Posted on April 24, 2012 · Posted in TBI Voices
This entry is part 23 of 32 in the series Quinn

Brain Injury Impacts Spousal Relationship: Quinn Part Twenty-Three

With many brain injury survivors that are in a relationship, brain injury impacts spousal relationship. His wife also felt a shift in the role she played as a spouse, especially in the early stages of his returning home.

Quinn’s Wife Tells Her Side of How Brain Injury Impacts Spousal Relationship

Talk to me about what it’s like to bring your husband home from the hospital and how brain injury impacts spousal relationship ; adjust your life to a different level of function.

I have always been a spouse, but now I was the caretaker.  Now I am almost like a mother, father, figure; having to take care of my husband, who is now almost like a child.  It was a big adjustment.  I stayed out of work for almost a month; the two weeks he was in the hospital, and then two more weeks. Then his parents came down to help take care of him, so that I could start going back to work.

A lot of his friends were great.  They’d come over and relieve me for an hour or two, so I could go to the gym or go food shopping.  And we all joked around and, you know, tried to figure out who was babysitting; and it was, it was a very big lifestyle adjustment.  I take care of people for a living.  Now, at home, I was taken care of before; now I had to be the one to take care of everything.

It was stressful.  His moods were very off.  He had mood swings; anger issues, depression, anxiety issues.  Obviously, the regular cognitive issues.  The physical issues were a bit less, other than, he had headaches and dizziness, but he did go immediately start outpatient physical therapy, which helped tremendously.  He was able to at least walk around the house.  At first he would bump into, or hold onto the walls.  Within a month or so, he was able to walk around pretty freely.

When did it get to the point when you started to feel like he was heading in the right direction, and had, at least had rounded the bend?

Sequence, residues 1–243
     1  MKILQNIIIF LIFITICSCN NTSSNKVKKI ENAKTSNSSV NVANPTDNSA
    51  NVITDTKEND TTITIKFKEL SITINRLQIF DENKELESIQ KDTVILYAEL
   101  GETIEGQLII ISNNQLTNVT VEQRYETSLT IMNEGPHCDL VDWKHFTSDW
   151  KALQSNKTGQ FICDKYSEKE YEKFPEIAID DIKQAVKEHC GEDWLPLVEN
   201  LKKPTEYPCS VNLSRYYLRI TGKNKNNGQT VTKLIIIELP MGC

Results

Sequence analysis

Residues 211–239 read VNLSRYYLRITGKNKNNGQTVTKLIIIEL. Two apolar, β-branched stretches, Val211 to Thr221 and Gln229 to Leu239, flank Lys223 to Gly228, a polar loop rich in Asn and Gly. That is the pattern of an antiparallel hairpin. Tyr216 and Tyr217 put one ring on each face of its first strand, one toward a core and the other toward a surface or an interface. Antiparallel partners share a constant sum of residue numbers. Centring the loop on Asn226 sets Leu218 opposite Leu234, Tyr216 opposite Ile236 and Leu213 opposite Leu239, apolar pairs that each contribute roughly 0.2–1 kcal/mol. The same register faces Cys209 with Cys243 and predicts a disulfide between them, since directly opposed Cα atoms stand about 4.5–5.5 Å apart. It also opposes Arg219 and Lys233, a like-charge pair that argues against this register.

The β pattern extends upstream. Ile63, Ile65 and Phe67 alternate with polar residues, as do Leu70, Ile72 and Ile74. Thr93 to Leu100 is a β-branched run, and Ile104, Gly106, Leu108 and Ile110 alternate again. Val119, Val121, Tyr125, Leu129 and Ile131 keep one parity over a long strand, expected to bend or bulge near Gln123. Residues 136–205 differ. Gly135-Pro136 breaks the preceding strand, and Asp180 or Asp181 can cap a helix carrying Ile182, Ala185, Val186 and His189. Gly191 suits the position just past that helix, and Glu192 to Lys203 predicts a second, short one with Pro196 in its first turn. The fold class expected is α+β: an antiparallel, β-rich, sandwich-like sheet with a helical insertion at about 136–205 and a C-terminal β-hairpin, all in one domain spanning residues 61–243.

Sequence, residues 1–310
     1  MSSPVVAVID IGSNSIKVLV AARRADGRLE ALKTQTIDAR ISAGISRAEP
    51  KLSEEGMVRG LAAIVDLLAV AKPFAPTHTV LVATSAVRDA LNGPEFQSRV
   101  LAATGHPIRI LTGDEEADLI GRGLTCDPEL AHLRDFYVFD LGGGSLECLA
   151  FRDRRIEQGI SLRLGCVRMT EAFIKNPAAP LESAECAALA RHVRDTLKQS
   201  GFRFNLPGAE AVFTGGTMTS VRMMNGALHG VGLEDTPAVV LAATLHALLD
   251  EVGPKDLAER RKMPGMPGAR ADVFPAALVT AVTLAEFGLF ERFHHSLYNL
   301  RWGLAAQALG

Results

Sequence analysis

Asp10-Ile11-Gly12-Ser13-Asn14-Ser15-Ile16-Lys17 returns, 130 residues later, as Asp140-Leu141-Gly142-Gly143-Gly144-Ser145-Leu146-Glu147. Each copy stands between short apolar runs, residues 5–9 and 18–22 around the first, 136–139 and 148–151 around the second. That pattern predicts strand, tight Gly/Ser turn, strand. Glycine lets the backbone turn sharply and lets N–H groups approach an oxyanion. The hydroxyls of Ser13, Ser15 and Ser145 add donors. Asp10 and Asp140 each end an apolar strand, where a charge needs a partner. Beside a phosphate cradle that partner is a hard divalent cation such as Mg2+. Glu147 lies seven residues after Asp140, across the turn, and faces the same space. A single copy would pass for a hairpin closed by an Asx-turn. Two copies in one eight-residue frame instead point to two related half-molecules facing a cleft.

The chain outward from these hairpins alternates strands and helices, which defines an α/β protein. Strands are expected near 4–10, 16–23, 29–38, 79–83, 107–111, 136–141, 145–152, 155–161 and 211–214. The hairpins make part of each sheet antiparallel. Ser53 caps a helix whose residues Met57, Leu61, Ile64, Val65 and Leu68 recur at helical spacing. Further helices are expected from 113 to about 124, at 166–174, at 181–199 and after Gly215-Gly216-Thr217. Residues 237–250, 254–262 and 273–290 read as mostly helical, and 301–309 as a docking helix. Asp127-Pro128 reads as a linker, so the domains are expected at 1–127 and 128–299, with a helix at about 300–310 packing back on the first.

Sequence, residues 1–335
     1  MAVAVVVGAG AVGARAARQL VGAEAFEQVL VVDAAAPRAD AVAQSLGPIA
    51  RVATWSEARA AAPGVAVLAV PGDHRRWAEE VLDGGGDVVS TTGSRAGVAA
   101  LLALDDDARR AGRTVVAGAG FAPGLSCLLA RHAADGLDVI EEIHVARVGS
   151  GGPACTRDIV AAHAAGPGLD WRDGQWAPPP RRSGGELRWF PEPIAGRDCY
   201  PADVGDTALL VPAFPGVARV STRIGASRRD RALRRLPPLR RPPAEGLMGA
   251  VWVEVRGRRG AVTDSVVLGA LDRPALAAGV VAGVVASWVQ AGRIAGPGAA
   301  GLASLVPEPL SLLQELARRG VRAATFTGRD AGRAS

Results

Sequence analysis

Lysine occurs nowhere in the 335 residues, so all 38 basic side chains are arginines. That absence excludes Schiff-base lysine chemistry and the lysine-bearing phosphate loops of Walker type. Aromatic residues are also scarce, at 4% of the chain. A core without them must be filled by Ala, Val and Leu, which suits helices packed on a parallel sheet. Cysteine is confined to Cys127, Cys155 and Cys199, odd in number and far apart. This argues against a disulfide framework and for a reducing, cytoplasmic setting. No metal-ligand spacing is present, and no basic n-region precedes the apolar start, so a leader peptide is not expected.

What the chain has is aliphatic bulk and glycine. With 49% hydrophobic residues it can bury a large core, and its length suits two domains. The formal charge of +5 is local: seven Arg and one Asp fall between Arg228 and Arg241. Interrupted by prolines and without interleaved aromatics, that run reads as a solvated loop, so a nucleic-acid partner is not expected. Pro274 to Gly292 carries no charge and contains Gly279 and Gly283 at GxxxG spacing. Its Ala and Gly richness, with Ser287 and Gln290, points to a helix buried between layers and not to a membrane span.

Probably, maybe about three months later.

What is it like then, what’s changed?

They had finally felt it was safe to put him on an antidepressant, anti-anxiety medication, which made a big difference.  He had been on a similar-type of medicine previously, before the accident, and he had had to be off of something like that, because it can increase the likelihood of seizures.  So, we were able to put him back on that, after he hadn’t had any seizures in about three months.  And that, I think, gave him a much better sense of, of peace; less anxiety, less depression; a lot more stable mood.  So, we were able to deal with the issues, communicate and work together much more.

Why was he on that medicine before, before the accident?

He had a history of depression.

The defense tactic in every brain injury case is to blame all deficits upon preexisting emotional issues, as if a person who is depressed can’t be severely injured by trauma.  But being depressed does not immunize a person from brain injury. Brain injury can strike anyone of course. What we know about brain injury is that pre-injury (what is called “pre-morbid” for before the morbidity) mental and physical vulnerability, will make the brain injury that much harder to deal with.

Quinn’s is the perfect example of that. For a period of time he was unable to take the medicines he needed before he got hurt. Thus, he wasn’t just dealing with the injury, but also with not having medicine he needed to keep an emotional equilibrium.  What could have made it even worse, but didn’t for Quinn, is that the injury could also have changed the chemical balance in his brain, making the helpful medicine less effective.

Thus, never be drawn into the fallacy that problems after a brain injury have to separated out into causative bubbles, separate and distinct. Those with the greatest pre-morbid vulnerabilities are more like to have further troubles, caused by the traumatic damage and the larger that brain injury impacts spousal relationship .

In Part 23 we talked to Quinn’s Wife about her perception of brain injury impacts spousal relationship.  In Part 24 we will continue with the deficits Quinn experiences.

Next in Part Twenty Four  –  Further Recovery Leaves Tangible TBI Deficits

By Attorney Gordon Johnson


About the Author

Attorney Gordon S. Johnson, Jr.
Past Chair Traumatic Brain Injury Litigation Group, American Association of Justice :: 800-992-9447